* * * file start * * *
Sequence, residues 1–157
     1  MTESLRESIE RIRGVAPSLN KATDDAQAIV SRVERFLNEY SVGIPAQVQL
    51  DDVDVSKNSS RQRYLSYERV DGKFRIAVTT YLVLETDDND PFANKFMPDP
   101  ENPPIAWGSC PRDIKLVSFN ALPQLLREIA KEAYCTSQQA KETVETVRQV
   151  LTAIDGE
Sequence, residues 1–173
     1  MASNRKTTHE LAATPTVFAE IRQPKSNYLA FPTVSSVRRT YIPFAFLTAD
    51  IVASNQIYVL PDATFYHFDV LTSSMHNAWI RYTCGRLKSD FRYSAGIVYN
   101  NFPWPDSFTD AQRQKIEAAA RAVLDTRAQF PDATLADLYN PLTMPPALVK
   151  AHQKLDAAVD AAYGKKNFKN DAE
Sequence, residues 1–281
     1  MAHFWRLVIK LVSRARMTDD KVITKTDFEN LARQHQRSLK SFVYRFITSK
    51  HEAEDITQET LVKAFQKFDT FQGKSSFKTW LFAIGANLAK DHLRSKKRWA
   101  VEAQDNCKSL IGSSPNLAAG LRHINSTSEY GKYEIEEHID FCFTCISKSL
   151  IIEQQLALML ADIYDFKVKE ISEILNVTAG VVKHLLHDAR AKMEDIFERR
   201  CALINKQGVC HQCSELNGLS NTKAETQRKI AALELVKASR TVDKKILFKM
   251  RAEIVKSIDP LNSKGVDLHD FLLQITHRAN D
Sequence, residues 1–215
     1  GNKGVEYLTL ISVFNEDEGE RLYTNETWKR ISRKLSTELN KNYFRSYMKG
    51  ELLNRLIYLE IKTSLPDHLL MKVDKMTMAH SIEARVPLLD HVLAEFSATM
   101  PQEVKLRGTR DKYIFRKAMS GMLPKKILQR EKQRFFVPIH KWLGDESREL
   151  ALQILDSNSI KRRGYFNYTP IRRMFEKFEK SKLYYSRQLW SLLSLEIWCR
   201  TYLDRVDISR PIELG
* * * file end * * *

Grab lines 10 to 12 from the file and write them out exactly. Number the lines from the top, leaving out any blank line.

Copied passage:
   151  AHQKLDAAVD AAYGKKNFKN DAE
Sequence, residues 1–281
     1  MAHFWRLVIK LVSRARMTDD KVITKTDFEN LARQHQRSLK SFVYRFITSK